Chinese Table Manner
When an au pair starts a new life in Chinese host family, “Do in Rome as Rome does.” may be a pretty important proverb for him or her.
In China, as with any culture, there are rules and customs that surround what is appropriate and what is not when dining, whether it is in a restaurant or in someones home. Learning the appropriate way to act and what to say will not only help you feel like a native, but will also make those around you more comfortable, and able to focus on you, instead of your interesting eating habits.
The main difference between Chinese and western eating habits is that unlike the West, where everyone has their own plate of food, in China the dishes are placed on the table and everybody shares. If you are being treated by a Chinese host, be prepared for a ton of food. Chinese are very proud of their culture of cuisine and will do their best to show their hospitality.
And sometimes the Chinese host use their chopsticks to put food in your bowl or plate. This is a sign of politeness. The appropriate thing to do would be to eat the whatever-it-is and say how yummy it is. If you feel uncomfortable with this, you can just say a polite thank you and leave the food there.
The customs surrounding Chinese tables’ manners is ingrained with tradition, and some rules are not to be broken. Failing to understand and follow all of the rules could result in offending the chef and ending the night in an unfavorable way.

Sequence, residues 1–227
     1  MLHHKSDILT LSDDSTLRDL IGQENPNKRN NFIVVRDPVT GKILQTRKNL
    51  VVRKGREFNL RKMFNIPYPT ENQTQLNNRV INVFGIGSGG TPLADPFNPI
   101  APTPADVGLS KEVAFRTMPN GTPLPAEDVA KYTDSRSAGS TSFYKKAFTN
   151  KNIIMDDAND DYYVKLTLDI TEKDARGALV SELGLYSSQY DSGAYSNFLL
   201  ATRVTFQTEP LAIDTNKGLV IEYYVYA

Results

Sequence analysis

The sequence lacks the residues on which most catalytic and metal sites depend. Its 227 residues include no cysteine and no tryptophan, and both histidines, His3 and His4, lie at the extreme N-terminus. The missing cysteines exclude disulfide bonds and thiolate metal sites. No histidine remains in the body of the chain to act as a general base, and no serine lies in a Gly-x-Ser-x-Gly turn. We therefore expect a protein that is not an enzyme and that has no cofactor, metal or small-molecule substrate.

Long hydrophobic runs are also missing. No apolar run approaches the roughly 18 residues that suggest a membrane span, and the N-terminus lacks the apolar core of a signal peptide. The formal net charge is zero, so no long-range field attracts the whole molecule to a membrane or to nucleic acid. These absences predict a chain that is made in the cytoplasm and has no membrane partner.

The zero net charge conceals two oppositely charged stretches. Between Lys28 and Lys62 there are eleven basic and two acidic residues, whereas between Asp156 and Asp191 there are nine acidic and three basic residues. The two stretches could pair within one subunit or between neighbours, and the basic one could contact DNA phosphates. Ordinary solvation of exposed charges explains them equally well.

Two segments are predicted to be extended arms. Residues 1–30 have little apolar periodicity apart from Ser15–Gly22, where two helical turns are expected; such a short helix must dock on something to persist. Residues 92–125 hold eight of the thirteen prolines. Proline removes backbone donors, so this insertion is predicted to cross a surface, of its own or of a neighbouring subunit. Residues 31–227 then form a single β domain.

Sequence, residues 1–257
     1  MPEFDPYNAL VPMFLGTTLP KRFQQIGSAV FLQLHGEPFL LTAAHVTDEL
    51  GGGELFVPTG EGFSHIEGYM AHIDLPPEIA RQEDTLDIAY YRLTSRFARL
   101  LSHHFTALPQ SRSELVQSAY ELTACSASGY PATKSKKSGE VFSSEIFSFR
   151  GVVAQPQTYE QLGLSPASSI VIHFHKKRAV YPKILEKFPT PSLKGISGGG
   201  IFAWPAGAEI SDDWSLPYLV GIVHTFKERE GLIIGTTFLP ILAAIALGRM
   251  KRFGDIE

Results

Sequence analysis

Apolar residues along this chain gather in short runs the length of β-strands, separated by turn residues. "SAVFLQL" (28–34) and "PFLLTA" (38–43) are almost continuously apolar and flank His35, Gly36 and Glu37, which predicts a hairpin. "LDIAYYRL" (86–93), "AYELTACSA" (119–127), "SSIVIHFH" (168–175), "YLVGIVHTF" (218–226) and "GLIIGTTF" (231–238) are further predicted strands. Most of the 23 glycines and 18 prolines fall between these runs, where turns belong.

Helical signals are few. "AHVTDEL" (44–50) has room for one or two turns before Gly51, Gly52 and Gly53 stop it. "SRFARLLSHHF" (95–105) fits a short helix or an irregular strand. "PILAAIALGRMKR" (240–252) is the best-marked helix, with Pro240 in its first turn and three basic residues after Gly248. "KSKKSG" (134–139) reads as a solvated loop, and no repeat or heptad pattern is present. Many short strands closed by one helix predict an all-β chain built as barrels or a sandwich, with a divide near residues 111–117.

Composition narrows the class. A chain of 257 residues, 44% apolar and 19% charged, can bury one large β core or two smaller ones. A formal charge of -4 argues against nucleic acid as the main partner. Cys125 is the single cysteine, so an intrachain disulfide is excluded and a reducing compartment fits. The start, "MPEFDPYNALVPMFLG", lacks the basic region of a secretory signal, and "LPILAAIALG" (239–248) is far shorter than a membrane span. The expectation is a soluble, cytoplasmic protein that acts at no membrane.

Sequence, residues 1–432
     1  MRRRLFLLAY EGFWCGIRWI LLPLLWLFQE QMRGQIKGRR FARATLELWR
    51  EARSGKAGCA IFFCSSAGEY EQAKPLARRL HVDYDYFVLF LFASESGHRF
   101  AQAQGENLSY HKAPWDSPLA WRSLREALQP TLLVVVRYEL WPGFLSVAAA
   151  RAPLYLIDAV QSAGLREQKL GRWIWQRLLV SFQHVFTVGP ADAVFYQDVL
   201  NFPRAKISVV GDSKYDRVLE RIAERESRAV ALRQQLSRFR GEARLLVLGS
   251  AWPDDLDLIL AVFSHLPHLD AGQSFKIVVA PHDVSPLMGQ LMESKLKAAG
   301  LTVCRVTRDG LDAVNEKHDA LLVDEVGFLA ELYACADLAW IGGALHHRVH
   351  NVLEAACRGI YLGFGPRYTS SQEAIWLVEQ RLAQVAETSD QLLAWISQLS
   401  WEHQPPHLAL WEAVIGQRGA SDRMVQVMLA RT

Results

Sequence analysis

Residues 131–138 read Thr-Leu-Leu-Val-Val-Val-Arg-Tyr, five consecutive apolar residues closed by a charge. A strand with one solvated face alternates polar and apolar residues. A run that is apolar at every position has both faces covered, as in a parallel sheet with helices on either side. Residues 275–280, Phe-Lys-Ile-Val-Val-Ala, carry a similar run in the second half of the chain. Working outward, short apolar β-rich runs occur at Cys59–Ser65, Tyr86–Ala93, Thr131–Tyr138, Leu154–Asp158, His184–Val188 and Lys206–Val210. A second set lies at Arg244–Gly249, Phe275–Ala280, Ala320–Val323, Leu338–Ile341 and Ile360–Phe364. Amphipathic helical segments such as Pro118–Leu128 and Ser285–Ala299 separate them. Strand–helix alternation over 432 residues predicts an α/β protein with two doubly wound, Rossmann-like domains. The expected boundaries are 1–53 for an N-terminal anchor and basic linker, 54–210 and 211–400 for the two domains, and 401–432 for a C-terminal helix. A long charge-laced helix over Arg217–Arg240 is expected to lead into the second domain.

1. The food is served via large communal dishes, and in nearly every case, you will be supplied with communal chopsticks for transferring food from the main dishes to your own. You should use the communal chopsticks if they are supplied. If they are not or you are unsure, wait for someone to serve food to their own plate, and then copy what they do. On occasion, an eager Chinese host may place food into your bowl or on your plate. This is normal.
2. It is rude to not eat what you are given. If you are offered something you absolutely can't stomach, finish everything else, and leave the rest on your plate. Leaving a little food generally indicates that you are full.
3. Don't stab your chopsticks into your bowl of rice. As with any Buddhist culture, placing two chopsticks down in a bowl of rice is what happens at a funeral. By doing this, you indicate that you wish death upon those at the table.
4. Do not play with your chopsticks, point at objects with them, or drum them on the table - this is rude. Do not tap them on the side of your dish, either, as this is used in restaurants to indicate that the food is taking too long, and it will offend your host.
5. When setting down your chopsticks, place them horizontally on top of your plate, or place the ends on a chopstick rest. Do not set them on the table.
6. Hold the chopsticks in your right hand between the thumb and index finger, and when eating rice, place the small bowl in your left hand, holding it off the table.
7. Do not stab anything with your chopsticks, unless you are cutting vegetables or similar. If you are in a small,intimate setting with friends, then stabbing smaller so as to grab items is okay, but never do this at a formal dinner or around those who adhere strictly to tradition.
8. Do not get offended if your fellow diners eat with their mouth open, or talk with their mouth full. This is normal in China. Enjoy, laugh, and have fun.